What You Need to Know about Playing Israel

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--Benjamin Netanyahu's objection to the peace process is not rooted in mean-spiritedness, but in the deeply held belief that the current Palestinian leadership is totally untrustworthy. Netanyahu has declared that his government is willing to talk with the Palestinians whenever their leadership renounces violence and demonstrates its willingness to interact honestly with the Israeli government.

--Mr. Netanyahu retains personal popularity in the West, especially in the United States. This is due, in part, to Netanyahu's skill as an English speaker, owing to the fact that he attended MIT and worked in the United States for many years. Mr. Netanyahu has also been an eloquent symbol for those diaspora Jews who support a militarily strong Israel, and who fear both that Israel is too often blamed in the West for defending itself, and that she may be bullied by the West into accepting a lousy deal in any peace negotiations.

--For the religious right (including many in Netanyahu's Likud Party), the West Bank cannot be given up, because it is part of the Holy Land promised by God to the Jewish people. Any attempt to divide or relinquish this land is anathema to these believers, and as such the government has many members who absolutely will not agree to give up another portion of the Occupied Territories. While they are not a majority of the right, this religious bloc, in some ways very similar to Hamas, always plays its part in discussions of the peace process.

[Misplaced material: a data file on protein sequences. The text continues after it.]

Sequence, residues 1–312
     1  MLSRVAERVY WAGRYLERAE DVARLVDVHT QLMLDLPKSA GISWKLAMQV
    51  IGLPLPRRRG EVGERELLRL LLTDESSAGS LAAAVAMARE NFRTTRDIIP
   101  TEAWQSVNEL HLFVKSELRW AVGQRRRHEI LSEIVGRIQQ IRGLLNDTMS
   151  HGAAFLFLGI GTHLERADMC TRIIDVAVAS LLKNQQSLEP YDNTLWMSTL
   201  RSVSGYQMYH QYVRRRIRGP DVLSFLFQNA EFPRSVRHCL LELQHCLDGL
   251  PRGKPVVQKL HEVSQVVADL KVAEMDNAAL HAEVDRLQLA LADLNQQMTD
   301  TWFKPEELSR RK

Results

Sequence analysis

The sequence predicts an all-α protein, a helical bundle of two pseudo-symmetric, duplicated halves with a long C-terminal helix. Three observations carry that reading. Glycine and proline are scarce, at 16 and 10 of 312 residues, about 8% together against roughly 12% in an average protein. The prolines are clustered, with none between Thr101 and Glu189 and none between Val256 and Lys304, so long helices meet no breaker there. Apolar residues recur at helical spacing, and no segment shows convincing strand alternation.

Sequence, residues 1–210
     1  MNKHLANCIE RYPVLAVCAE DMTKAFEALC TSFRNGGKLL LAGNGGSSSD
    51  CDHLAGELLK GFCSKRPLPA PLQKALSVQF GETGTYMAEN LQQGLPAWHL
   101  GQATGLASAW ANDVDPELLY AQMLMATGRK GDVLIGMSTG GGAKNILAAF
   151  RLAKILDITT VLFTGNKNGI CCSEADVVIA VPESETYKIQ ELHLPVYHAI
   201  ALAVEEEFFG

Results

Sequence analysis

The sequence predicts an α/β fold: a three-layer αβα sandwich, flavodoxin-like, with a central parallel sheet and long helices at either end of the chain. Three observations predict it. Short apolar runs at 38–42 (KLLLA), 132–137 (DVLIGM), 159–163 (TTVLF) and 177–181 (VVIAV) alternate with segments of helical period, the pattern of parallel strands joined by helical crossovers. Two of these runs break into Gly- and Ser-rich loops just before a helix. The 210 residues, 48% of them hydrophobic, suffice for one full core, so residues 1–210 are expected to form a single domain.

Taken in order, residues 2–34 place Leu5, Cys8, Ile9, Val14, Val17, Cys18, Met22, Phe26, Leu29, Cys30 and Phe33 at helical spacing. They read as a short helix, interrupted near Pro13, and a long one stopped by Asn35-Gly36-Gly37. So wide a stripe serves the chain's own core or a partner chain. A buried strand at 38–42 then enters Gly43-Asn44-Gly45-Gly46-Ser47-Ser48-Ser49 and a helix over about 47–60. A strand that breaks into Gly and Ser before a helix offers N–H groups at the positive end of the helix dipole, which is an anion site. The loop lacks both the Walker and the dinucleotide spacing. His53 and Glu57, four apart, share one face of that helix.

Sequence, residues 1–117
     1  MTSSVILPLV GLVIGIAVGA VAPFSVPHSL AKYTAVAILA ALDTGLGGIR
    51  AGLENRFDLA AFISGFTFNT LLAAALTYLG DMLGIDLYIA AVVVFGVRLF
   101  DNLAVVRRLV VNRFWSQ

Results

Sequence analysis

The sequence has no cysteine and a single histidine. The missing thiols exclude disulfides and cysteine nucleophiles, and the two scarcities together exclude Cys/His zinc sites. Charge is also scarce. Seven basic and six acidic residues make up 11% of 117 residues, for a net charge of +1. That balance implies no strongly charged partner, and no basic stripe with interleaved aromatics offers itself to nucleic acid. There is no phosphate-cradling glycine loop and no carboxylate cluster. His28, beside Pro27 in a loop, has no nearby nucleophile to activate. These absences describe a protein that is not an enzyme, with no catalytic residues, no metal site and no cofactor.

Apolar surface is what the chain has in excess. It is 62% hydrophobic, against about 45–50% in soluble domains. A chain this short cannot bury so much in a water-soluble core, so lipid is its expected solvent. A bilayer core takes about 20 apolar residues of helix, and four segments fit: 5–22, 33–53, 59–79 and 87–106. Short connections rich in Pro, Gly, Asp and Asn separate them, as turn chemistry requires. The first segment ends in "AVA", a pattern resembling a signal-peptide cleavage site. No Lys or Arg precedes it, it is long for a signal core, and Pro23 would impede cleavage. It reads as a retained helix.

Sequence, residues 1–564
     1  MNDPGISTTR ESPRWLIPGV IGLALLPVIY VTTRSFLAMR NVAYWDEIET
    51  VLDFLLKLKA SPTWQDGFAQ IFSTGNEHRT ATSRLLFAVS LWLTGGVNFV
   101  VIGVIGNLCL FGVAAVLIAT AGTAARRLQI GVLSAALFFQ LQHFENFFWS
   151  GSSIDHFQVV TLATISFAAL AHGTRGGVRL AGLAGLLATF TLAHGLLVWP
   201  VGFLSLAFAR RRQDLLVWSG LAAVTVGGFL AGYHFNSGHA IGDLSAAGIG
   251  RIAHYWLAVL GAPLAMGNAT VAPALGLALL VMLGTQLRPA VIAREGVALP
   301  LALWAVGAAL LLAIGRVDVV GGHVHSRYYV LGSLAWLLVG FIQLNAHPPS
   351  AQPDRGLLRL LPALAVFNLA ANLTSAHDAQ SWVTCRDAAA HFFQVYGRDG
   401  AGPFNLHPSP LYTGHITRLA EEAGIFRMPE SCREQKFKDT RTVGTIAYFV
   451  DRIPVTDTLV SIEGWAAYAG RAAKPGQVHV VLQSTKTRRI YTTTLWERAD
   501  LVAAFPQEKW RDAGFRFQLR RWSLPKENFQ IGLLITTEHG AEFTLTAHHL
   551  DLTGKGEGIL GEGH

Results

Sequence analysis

--When Benjamin Netanyahu retook the prime ministership in 2009, he had a powerful strike against him in the eyes of the West. Netanyahu has generally opposed a two-state solution to the Israeli-Palestinian conflict, advocating instead for a kind of economic cooperation that would someday lead to a political resolution. Though Netanyahu's opposition to a two-state solution is a cagey enterprise that will give him a political chip to play, others worry that his stance may seriously jeopardize his relationship with the United States and Europe, putting his entire government at risk.

--Israel is very concerned that for all the positives associated with the so-called Arab Spring, Israel's security will not benefit from the changes that have (and will) come. Israel worries, for example, that if the Syrian government falls, it will be replaced by a leadership more overtly hostile to Israel, with greater influence for Islamists, who both Mubarak of Egypt and Assad of Syria kept at bay.

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